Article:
In my Great Writing Project, I'd say that I strive for subtlety. Still, if you haven't the patience to read all those pages (someday, when you actually can read all those pages), I'd say go to the 37th page of chapter 6. You'll get a good idea of what the book is about there.

I mention this because in my current edit, I finally got to that page today. And so if you asked me what I did this morning, I'd say that there was breakfast, in the kitchen... 

(This is what you'd see if you looked out the side kitchen window)

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(We tend to stare out the big window, toward the porch and beyond. Or, we stare at each other.)

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... And then I worked to improve that page. Done! I am immensely happy to have finally moved beyond that point!

Garden photos? Sure, but let's stick with the annuals today. They are like the sprinkles on a chocolate ice cream cone. They add zest, color and fanciful ornamentation to a rather plain at this point landscape.

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In the afternoon, Snowdrop is here. (In case you aren't yourself buying clothes for a little girl, tulle for the everyday is quite the rage these days -- something that no doubt pleases this particular bambina ballerina.)

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What will our time together be like? I cannot tell until she steps through the door and considers the possibilities. But rare is the day when there isn't a story, with long bouts of imaginative play. Today, she fills all her hours with this.

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And so it's a day of story telling. The rains return, the storms threaten, but inside the farmhouse, we spin our tales.

Monday, September 24, 2018

round and round and round we go

It feels like the wheels of time are spinning in many directions. Forward -- Snowdrop grows and grows, developing the skills of a toddler and now a little girl. Then back I go to a time when I'm with  a babe -- Primrose -- who is just now sitting by herself. Forward again, while Snowdrop regales us with stories, then a back slide, to a three month old's (Sparrow's) gurgles and grins and baby naps. I feel this swing in time especially today because we're officially starting our fall schedule (stalled by my travels) where Sparrow comes to spend his Monday, from morning til evening, here at the farmette. It's like caring for Snowdrop all over again, only ever so slightly different.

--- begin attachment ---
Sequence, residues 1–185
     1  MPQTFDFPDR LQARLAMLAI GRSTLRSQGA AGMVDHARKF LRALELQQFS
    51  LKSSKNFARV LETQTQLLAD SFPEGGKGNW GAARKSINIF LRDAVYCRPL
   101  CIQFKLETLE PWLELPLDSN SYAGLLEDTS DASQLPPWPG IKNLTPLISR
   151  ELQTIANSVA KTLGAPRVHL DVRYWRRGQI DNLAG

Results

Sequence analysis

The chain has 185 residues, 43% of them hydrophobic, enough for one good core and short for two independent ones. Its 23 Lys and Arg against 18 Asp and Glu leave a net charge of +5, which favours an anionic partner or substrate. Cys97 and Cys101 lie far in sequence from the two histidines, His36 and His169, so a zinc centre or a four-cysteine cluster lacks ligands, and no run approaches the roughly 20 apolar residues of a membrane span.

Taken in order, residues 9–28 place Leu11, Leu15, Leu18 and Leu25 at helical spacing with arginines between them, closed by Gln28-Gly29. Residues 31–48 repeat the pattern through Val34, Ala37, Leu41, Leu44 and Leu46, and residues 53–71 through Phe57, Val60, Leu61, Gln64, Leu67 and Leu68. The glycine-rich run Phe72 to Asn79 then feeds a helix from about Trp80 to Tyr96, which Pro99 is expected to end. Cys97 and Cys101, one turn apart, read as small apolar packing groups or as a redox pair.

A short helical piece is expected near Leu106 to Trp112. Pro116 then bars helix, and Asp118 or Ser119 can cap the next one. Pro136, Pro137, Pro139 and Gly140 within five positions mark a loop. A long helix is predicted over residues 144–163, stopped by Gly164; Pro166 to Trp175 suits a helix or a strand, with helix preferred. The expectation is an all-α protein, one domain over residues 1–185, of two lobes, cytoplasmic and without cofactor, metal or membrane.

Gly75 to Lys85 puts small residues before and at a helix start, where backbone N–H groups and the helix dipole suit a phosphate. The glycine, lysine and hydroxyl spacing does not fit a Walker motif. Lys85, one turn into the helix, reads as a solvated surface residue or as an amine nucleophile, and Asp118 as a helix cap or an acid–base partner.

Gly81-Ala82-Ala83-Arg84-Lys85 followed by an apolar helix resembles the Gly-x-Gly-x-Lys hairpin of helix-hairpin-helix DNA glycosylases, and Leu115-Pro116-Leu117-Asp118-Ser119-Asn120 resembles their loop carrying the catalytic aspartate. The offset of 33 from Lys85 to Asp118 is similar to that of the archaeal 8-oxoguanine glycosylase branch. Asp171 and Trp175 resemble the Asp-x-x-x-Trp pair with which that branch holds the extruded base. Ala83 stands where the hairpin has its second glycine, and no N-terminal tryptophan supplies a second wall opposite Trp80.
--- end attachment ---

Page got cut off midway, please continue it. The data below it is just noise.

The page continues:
It's a beautiful day once more, a day with those brilliant skies and pleasant early fall temperatures.  The young family is in a morning rush. One child dropped here, the other at school. For now, I am just with Sparrow. Welcome, little lobster man! Do you know about grandma's magic camera?

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Ed and I are just getting our breakfast routine going. He joins us. On the porch!

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I'm wondering if he needs a sweater... Snowdrop wont mind if I share her pink one!

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But, the air warms and in the end we set out for an introduction to farmette life. He is somewhat shocked to see the chickens. They are more ho hum about his presence. Another baby? Oh, ok!

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Sparrow, like Snowdrop, like Primrose, is a smiling happy child. Perhaps all babies who are well fed and well loved are that way. My eyes, are of course, so focused on the three grandbabes.

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In the afternoon, we pick up Snowdrop at school. The girl is very excited about having her brother join us at the farmhouse. These are chickens, baby Sparrow!

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It's cool how these same chickens offer arithmetic lesson opportunities. Ed is forever asking -- how many new ones did we bring into the coop this year? And how many old ones are there? And how many eggs did we get today? So now how many do we have? (Ed, the answer is that we have too many! We get on the average five eggs each day!)

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(She finds my Polish chocolates. Okay, Snowdrop. Just one!)

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A snack, one book reading moment, and then she is off and spinning tales! (Yes, that's Ed playing a part in it. We all do. She assigns the roles.)

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Ed is trying to work out some techie problem via the TV screen (something about linking screens in a remote communications scheme). Snowdrop sees that he can project multiple images of any one of us on the screen. She is fascinated by it all.

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And now this too is part of her story.

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While the lobster guy looks on.

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 Evening. Kids are home, one hopes in bed, perhaps even asleep. The farmhouse reels back to a state of utter quiet. I'm thinking about an Ocean post, Ed is thinking about an ocean sail. But for now, we are here, feeling lucky, feeling utterly content and at peace.